Memo: Dodd v. Cruz
Some of you may have had experience with medical finance companies in California such as MedFin Manager and MedFi.
These companies purchase liens from health care providers, at a discount, for medical services provided
to plaintiffs in third-party lawsuits. Those services often include high priced surgeries. Those plaintiffs
then claim they are entitled to the full billed amount, since the medical financing company contends they
expect to be paid the full amount of their lien following settlement or trial.
A decision recently issued by the California Court of Appeal, Second District, has authorized a defendant to obtain records from the medical finance company on the rationale that the lien amount is relevant to both the reasonable value of the services and the amount of medical expenses plaintiff actually incurred. California law currently allows a plaintiff to recover the lesser of (1) the amount paid or incurred for past medical expenses and (2) the reasonable value of the services.
In Dodd v. Cruz, plaintiff alleged he underwent surgery as a result of a motor vehicle accident. Defendant served the medical finance company with a subpoena requesting business records, including documents which showed what the medical finance company paid to purchase the lien. The medical finance company then filed a Motion To Quash the subpoena, also seeking monetary sanctions against defendant and her attorneys. The trial court granted the Motion To Quash, and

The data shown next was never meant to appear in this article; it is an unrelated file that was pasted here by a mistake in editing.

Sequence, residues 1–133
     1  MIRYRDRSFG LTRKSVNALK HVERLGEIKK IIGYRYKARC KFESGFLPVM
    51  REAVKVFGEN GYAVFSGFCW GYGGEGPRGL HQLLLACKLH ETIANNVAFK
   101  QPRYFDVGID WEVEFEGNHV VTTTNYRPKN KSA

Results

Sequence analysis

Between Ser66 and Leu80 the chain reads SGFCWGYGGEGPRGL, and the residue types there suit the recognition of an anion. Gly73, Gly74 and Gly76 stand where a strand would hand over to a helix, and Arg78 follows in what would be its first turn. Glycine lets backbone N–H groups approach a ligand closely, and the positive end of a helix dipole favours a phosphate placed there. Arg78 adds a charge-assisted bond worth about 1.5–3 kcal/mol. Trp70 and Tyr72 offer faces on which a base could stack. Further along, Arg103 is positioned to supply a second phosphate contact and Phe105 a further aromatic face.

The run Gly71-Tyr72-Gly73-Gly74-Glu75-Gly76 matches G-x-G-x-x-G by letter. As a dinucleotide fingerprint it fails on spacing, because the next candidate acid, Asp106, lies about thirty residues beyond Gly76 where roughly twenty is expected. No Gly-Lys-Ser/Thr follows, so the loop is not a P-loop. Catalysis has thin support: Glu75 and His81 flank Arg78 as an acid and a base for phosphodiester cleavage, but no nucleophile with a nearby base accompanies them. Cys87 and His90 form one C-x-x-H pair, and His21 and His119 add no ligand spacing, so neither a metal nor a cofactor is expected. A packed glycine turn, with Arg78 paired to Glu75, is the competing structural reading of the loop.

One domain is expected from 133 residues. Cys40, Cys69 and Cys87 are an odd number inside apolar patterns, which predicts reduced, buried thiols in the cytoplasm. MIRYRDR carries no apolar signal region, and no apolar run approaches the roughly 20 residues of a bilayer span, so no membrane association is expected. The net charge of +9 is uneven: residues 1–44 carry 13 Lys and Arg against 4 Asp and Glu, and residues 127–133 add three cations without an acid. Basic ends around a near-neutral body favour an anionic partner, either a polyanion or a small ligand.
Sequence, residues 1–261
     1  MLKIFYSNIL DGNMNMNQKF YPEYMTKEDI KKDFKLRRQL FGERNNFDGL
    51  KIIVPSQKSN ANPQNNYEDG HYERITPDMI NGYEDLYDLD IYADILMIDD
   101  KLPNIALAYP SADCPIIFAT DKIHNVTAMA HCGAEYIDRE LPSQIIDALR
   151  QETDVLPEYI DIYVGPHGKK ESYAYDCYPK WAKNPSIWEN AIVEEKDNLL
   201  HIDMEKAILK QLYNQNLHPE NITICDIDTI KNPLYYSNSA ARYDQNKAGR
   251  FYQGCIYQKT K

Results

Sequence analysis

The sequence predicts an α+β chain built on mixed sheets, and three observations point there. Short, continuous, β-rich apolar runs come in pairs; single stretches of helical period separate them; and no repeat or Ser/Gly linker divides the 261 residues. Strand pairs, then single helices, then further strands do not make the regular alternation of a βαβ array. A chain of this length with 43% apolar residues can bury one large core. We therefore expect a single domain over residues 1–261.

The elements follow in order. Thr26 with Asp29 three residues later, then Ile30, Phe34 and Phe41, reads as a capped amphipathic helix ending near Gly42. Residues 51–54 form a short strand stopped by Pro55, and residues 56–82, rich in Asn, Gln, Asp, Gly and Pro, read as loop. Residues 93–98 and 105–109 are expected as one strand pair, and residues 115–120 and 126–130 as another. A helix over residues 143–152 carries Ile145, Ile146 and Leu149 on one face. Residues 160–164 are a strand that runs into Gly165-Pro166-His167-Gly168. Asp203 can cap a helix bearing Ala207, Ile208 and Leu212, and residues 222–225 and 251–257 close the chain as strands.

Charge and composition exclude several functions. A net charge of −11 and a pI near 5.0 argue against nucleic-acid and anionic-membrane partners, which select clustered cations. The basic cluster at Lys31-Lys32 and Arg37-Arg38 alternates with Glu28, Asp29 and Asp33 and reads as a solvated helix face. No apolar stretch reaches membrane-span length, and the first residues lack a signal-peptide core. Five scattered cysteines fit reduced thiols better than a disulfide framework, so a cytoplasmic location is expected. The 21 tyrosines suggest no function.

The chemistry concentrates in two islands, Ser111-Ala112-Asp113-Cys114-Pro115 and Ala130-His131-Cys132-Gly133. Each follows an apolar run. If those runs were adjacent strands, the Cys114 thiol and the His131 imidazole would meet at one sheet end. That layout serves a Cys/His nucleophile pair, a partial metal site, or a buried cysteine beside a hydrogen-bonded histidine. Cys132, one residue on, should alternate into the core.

awarded monetary sanctions of $5,600.00.
The Court of Appeal reversed, concluding that the subpoena was reasonably calculated to lead to the discovery of admissible evidence relating to the reasonable value of the health care provider's services and the amount of medical expenses plaintiff actually incurred.
Unfortunately, the Court of Appeal did not express any opinion about whether the amount the health care provider accepted from the medical finance company was proof of plaintiff's damages for establishing past medical expenses, nor whether the subpoenaed documents were admissible at trial.
We expect these two issues will be presented to the California Supreme Court in the not too distant future, since there is a split of authority among the California Courts of Appeal regarding whether, in a case involving a medical financing company as in Dodd, a plaintiff's health care provider's "billed" or "charged" amounts are admissible to prove the reasonable value of the services provided.
In the interim, we will continue to aggressively litigate and defend your interests in all matters, including those involving medical finance companies such as MedFin Manager and MedFi. Should you have any questions or comments regarding the above, please don't hesitate to give me a call.
Finally, to read the Dodd v. Cruz decision by the Court of Appeal in its entirety, please click on the link below.